"Everything happens for a reason."
"Look for the positive side."
"Let go, and let God."
"Good vibes only."
I included the above examples to demonstrate the phenomenon of what is called "spiritual bypassing". Originally defined by a psychologist, Spiritual Bypassing is the tendency to avoid and ignore the real, hard, confusing, and often traumatic events and experiences of life, often by forcing positivity. It is easier to bypass the real by clinging onto these positive affirmations and generalizations, so we allow ourselves to do so, again and again.
I have been considering this phenomenon a lot as we approach the end of 2020 and the beginning of a new year. It is far easier to process a year full of trauma and heartache by pushing down and fighting against the very emotions that make us human. Oftentimes, our religious or spiritual communities have the tendency to shame us for feeling and living the human experience, not just focusing on the good parts. In 2020, this has manifested in the obsession with "getting back to normal". Oftentimes, without examining the very flaws and structural inequalities that brought us to this current moment, we find ourselves grasping for that life-before-pandemic, rushing to return to what we view as normalcy. How many of us have idolized those months before March, brushing over the issues, the pain, and the hurt that was very much present?
I found myself falling into this same trap of spiritual bypassing. Desperate for college life, eating in restaurants, getting coffee with new people, going to church, going to class in-person.... "normal". As I longed for the days before masks and social distancing, I found myself flipping back through journals of the past few years, where I detail the good and bad days. I had neglected to consider the ways I was hurting, feeling alone, feeling lost, long before quarantine began. I also had failed to consider the ways in which I have grown, the perspective and awareness and recognition I have gained. In seeking out a return to normal, what are we rushing back to? And in what ways are we forgetting and bypassing the very real hurt that existed in past seasons of life?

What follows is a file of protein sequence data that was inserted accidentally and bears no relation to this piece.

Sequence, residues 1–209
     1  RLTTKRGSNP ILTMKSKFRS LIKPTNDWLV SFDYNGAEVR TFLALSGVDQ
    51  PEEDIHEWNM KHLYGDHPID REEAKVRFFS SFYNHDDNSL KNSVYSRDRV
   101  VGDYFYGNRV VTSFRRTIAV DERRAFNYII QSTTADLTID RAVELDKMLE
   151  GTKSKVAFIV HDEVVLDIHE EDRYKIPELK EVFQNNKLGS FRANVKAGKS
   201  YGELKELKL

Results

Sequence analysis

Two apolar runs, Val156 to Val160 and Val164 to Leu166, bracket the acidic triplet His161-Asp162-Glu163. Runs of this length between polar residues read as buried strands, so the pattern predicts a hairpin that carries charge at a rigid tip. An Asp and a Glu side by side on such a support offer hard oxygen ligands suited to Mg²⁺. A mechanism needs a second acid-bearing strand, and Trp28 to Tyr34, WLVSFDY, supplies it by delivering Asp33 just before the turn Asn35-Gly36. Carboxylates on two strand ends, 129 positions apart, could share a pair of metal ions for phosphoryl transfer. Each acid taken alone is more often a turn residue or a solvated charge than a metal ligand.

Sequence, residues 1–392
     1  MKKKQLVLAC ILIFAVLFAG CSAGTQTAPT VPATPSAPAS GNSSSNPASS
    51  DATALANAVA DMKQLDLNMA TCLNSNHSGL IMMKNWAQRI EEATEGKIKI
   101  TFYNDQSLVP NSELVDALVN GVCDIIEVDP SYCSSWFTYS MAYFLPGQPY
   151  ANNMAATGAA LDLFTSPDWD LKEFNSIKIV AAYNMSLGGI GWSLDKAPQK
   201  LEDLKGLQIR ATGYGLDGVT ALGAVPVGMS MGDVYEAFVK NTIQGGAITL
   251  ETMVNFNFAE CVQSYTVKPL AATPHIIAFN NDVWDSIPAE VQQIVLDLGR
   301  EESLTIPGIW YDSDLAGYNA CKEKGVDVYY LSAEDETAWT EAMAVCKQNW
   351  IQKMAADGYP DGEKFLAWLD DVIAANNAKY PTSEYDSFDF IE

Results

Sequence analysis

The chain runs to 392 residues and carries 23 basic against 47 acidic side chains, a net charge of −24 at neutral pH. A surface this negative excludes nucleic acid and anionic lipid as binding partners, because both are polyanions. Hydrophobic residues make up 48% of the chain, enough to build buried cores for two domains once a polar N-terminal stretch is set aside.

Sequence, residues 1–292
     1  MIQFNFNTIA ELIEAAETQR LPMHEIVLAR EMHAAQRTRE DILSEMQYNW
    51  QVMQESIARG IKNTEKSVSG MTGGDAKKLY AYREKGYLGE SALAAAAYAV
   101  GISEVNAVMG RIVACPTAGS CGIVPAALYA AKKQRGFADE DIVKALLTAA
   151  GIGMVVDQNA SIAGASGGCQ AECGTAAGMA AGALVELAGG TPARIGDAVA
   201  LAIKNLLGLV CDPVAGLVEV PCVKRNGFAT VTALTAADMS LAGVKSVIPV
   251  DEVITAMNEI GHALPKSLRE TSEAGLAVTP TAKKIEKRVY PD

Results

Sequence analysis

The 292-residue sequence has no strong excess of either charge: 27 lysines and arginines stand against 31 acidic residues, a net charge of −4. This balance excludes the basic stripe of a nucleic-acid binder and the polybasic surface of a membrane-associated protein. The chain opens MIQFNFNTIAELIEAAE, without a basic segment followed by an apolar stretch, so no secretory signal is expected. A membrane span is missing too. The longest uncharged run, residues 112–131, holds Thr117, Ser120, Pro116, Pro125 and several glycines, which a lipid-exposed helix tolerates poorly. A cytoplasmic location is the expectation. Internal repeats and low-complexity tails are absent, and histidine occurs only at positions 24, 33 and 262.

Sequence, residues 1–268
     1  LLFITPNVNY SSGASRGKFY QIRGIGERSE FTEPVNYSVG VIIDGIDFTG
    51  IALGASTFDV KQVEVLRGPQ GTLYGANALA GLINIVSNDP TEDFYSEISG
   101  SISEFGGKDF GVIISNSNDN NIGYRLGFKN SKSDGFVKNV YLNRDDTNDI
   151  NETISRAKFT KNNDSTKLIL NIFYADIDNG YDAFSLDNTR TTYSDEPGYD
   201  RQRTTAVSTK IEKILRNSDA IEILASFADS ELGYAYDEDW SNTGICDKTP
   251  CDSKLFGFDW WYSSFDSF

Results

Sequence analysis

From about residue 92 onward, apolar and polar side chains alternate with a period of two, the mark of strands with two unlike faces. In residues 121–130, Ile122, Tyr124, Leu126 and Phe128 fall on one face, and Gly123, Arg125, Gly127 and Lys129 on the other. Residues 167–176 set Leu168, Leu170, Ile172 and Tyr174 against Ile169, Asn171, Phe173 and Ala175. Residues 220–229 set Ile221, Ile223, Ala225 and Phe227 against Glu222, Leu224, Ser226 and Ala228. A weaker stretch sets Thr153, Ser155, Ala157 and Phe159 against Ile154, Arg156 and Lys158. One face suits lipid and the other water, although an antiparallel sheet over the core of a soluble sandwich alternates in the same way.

We are often taught to view pain and sadness as weakness, to treat grief and unpleasantness as avoidable inconveniences. Even worse, many wellness-gurus and spiritual leaders have the tendency to shame those who are unable to solve complex psychological and mental health issues with prayer/meditation and positive thinking. To seek out help is often the brave choice, especially when your community pushes the "everything happens for a reason" slogan down your throat.
As a Christian, I have perhaps experienced this pressure to bypass most from the Christian community. I have been blessed with older religious mentors who acknowledge and bring their pain to the table, not as a crutch, but to heal from it being out in the open. Other Christian leaders and pioneers have fully embraced this way of thinking. One recent example that comes to mind is Pastor of Passion City Church, Louie Giglio. Over the summer, Giglio held a conversation on race. In it, he glossed over the pain and horror of American slavery, deeming slavery a "white blessing". When we seek out the good in things that are only evil, we continue the cycle of structural inequity going unchallenged, especially in Christian communities.
It is important for us to remember- "Jesus Wept". He wept over the wages of sin, over the pain, over the fear, in spite of who He was and His intimate understandings of the workings of God. Jesus Wept. Why shouldn't we allow ourselves to feel every emotion and acknowledge it, as we walk through our days without this complete understanding?
The best way we can show up for others in this moment is ignoring the appeal of spiritual bypassing. Refuse to buy into the catchy slogans and positive affirmations as substitutes for healing. As we approach a New Year, let us embrace the entire experience of being human, learning and healing from the hard times as much as we celebrate the good times.
Further reading and teaching: www.instagram.com/aundikobler